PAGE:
A simple trick for personalized Christmas photos - with an added science bonus

Teddybear with heart shaped lights in the background
Learn how to easily create personalized Christmas photos! As a bonus you also learn how "bokeh" occurs. Foto: Álvaro Lomba og Hilde Finnseth
  • Skrevet av

  • Sist oppdatert

    22. desember 2023

  • Kategori

  • Tema

    • Christmas photos
    • Blur
    • Bokeh
    • DIY
  • Skrevet av

  • Sist oppdatert

    22. desember 2023

  • Kategori

  • Tema

    • Christmas photos
    • Blur
    • Bokeh
    • DIY

CHRISTMAS AT KRISTIANIA: Álvaro Lomba on blur and bokeh in photos

The end of the year is approaching and with it comes the time to meet family and loved ones, materialising their existence into a physical form that we can experience through all our senses and not through a mere digital interface.

These are moments for taking dreamy photographic memories in front of bright Christmas lights to the delight of our social media contacts.

Here's a little project for customizing your family photoshighlights using a DIY creativebokeh”: 

Step 1: Cut out a recognizable shape


Use cardboard or thick paper and cut out a shape you like: a heart, a tree, a star, your cat - use your imagination!  Start with a small cut-out shape first (2x2cm). Its size depends on your lens’ aperture, if you cut it too big, the effect won’t work.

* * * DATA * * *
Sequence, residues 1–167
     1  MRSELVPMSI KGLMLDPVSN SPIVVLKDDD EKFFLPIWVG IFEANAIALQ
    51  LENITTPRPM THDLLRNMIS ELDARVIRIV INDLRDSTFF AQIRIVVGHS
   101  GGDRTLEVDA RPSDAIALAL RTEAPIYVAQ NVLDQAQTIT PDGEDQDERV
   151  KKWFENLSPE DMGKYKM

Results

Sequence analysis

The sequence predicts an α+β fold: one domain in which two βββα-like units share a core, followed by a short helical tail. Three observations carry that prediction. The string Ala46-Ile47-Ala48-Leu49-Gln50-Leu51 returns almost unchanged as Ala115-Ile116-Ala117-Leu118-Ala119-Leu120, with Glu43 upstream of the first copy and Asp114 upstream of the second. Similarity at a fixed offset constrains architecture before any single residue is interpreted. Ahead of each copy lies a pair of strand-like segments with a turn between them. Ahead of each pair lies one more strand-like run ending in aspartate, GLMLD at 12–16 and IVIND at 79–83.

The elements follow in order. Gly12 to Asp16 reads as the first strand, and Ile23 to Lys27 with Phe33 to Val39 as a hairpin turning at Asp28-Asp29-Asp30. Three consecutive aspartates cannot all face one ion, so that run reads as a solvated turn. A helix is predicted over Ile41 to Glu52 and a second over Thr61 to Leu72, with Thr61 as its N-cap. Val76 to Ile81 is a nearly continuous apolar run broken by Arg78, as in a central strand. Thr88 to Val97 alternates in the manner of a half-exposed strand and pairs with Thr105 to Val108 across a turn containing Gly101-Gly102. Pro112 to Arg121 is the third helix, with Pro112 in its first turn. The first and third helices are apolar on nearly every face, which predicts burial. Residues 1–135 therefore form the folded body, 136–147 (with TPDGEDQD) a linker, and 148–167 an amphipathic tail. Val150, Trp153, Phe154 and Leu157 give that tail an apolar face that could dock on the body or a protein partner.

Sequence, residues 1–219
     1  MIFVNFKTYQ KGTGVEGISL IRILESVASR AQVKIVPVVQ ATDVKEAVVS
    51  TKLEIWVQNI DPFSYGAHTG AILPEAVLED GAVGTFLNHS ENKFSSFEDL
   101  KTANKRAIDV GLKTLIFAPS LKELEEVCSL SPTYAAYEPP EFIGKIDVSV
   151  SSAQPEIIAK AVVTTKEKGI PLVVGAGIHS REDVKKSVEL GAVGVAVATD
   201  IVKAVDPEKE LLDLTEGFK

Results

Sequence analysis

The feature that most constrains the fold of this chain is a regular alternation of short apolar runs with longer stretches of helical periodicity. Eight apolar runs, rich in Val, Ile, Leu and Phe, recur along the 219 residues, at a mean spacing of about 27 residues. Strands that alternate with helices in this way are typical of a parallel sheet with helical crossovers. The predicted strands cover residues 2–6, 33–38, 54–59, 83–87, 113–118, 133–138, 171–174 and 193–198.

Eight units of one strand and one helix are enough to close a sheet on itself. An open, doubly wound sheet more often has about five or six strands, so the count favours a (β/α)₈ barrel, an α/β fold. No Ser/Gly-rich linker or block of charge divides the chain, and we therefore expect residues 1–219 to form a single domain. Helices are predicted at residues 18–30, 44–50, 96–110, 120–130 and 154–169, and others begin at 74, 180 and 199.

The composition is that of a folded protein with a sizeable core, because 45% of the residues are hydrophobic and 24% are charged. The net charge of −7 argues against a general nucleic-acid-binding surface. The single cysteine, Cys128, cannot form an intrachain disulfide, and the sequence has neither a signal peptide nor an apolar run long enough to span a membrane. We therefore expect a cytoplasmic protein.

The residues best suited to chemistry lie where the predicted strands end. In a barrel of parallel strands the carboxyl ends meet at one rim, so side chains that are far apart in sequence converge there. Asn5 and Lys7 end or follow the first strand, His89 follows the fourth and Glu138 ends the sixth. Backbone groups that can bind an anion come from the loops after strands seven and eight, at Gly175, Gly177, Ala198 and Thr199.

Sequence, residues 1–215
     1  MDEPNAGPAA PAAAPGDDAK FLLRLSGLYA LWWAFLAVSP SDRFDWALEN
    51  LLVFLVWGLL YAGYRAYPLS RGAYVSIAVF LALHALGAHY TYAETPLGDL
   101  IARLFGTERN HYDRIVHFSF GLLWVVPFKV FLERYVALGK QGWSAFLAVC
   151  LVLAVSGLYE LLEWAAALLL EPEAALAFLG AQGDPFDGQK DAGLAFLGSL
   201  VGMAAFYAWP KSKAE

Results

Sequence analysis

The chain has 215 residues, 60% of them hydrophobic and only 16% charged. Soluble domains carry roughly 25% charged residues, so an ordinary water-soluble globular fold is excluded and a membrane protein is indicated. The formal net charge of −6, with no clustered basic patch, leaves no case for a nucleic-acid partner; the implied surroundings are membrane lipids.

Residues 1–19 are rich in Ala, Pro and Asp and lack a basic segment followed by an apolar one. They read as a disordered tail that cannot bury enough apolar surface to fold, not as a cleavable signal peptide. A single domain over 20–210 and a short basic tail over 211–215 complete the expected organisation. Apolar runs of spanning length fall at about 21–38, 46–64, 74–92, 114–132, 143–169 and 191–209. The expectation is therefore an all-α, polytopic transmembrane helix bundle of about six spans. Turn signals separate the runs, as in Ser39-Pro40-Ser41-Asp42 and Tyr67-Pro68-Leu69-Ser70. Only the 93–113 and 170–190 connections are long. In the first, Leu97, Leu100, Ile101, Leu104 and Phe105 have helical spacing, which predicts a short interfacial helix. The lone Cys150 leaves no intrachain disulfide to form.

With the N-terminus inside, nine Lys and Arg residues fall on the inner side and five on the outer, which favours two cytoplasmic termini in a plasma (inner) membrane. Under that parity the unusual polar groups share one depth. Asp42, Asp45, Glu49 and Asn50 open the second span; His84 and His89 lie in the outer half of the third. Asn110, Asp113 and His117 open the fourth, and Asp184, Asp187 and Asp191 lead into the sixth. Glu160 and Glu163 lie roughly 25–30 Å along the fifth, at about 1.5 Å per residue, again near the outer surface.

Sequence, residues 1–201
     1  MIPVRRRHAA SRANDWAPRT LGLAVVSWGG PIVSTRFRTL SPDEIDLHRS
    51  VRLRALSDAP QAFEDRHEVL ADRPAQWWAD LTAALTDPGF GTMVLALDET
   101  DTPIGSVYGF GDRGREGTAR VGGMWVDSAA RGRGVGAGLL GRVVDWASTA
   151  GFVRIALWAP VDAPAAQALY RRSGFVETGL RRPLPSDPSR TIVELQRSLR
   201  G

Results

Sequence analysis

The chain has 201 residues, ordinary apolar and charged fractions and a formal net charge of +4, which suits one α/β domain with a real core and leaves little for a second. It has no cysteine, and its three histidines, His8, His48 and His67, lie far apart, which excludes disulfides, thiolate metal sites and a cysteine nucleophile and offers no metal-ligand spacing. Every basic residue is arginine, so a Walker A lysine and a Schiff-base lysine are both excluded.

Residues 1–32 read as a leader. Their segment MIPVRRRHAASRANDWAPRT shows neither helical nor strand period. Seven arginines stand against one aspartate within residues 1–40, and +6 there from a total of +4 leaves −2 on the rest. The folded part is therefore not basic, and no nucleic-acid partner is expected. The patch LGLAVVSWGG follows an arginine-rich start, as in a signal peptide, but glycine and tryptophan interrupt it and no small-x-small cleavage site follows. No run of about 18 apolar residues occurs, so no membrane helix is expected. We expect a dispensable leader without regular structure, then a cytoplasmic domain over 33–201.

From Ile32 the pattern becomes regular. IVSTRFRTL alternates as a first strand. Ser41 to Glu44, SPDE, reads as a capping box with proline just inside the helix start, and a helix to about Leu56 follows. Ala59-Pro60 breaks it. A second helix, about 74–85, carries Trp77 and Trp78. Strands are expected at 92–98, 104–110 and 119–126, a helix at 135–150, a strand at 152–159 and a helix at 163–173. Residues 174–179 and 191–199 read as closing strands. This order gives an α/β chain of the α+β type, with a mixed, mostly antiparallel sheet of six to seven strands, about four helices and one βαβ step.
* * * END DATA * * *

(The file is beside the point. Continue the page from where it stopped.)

Step 2: Place the card in front of your lens and focus on an object

Make sure the paper is placed close, even touching the glass in front of your lens.

Step 3: Shoot the picture

The same picture shot with and without our heart-shaped-card.

How is this effect created?

Lens bokeh, taking its name from the Japanese term “boke”, means “blur” or “haze”. Bokeh is the name given to the quality of the out-of-focus areas in a photograph, and its appearance depends on the construction of the lens.

Let’s start by explaining the meaning of out-of-focus and how this happens. Optical lenses use the  properties of multiple glass elements to spread and bend light into converging at the camera’s sensor. When we rotate the focus ring on a camera lens (or chose the focus on a mobile phone), we are changing the position of those glass elements, altering the convergence or meeting point of the light rays inside the lens.

By doing this, the light from all the objects the lens “sees” at a specific distance come together, producing sharp contours. These “objects” may be your family members, who you want to be in focus. The rest of the room will be blurred because the rays from those areas don’t converge on your sensor. In those areas, the photosensitive sensor will not be hit by the light of a especific point but rather from a wider area called circle of confusion, blending all the details into a blurry, featureless blob.